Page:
After a slow first five months, I'm back to blogging in earnest. In the forthcoming few months I plan to keep on tracking the blooming of wildflowers, the activities of bugs and reptiles and any other critters I'm quick enough or lucky enough to photograph, and to comment on ecological relationships. Since there is an increasing sense of ecological crisis among many people and more vigorous denial of such on the part of others, I will inevitably comment on the social and political dimensions of survival as I see them.
I am still an adjunct instructor in the English Department at Feather River College, but time permitting, I am available for hire as a nature guide in the region in and around Plumas County. A brochure describing my usual kinds of natural history adventures is in development. Email me c/o firstname.lastname@example.org with your mailing address and a statement of interests, and I'll send you a rough draft.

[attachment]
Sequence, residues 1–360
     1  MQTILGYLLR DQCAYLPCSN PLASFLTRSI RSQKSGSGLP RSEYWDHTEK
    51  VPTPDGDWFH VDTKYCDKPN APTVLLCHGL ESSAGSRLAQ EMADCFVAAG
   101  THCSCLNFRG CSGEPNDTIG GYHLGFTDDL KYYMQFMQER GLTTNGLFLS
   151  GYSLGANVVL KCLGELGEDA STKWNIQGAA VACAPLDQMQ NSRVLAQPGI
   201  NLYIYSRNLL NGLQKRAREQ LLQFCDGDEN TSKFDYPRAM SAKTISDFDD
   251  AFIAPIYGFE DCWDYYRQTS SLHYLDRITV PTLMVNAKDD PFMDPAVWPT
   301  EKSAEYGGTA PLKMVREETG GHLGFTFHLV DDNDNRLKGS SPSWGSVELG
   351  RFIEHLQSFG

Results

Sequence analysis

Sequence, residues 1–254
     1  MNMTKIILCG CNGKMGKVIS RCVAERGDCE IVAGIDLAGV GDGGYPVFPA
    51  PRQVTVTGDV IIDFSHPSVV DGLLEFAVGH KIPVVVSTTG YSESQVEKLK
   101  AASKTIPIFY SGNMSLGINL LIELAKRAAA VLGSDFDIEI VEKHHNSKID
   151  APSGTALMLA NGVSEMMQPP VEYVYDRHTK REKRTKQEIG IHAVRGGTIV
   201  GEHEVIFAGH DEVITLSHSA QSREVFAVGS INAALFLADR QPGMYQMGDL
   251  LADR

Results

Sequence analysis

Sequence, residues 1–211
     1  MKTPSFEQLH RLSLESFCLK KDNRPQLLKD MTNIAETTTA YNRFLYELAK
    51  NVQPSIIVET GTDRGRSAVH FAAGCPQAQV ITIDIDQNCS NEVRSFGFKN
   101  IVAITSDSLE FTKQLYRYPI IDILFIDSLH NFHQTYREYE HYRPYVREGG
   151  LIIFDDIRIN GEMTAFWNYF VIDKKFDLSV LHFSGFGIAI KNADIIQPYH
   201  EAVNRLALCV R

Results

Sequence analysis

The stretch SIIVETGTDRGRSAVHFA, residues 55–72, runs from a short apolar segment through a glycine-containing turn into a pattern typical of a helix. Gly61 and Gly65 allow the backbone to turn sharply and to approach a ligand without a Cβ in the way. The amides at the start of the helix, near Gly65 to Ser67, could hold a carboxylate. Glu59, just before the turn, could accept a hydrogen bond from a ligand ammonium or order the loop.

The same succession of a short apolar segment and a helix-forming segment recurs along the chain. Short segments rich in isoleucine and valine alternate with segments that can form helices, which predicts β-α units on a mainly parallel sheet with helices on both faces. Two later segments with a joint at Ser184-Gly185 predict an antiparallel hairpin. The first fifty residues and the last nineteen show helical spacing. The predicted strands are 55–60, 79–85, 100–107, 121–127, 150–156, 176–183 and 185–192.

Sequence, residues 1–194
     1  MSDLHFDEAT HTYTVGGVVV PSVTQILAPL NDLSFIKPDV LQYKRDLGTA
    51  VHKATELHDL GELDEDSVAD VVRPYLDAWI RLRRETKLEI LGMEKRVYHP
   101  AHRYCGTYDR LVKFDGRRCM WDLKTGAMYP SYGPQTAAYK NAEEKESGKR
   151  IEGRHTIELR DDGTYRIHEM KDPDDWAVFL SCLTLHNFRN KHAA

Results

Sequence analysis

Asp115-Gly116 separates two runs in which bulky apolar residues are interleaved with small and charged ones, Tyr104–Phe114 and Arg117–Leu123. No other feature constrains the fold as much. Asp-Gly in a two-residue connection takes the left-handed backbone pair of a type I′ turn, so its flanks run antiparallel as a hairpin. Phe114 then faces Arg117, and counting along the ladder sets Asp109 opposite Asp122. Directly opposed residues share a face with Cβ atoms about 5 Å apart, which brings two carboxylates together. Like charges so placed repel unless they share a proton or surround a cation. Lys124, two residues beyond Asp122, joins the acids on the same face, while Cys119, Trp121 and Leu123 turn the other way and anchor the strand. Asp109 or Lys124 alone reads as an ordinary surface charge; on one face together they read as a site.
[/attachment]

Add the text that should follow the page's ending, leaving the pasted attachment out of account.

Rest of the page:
I have been teaching since 1965 and have recently joined the English Department as an Associate Faculty member at Feather River College. Recently taught Nature Literature in America and am currently teaching Interpersonal Communication and Basic Reading and Writing.
This afternoon I was walking around Dellinger's Pond looking down toward the ground. This is a habit of mine as I often look for tiny flowers and exotic-looking bugs. Today, it was also because overhead the sky was full of smoke from fires over a hundred miles away in the Coastal Range. Although I was searching for bright colors, and did find some before I was finished, the first impressions were made by these plants gone to seed. The spread of dried seed pods of a Wild Sweet Pea reminded me of a new hairdo, the kind a young girl or women likes to show off because it represents radical change.
Nearby, I saw a Thistle which gave me a similar feeling, although it was a very different style of hairdo.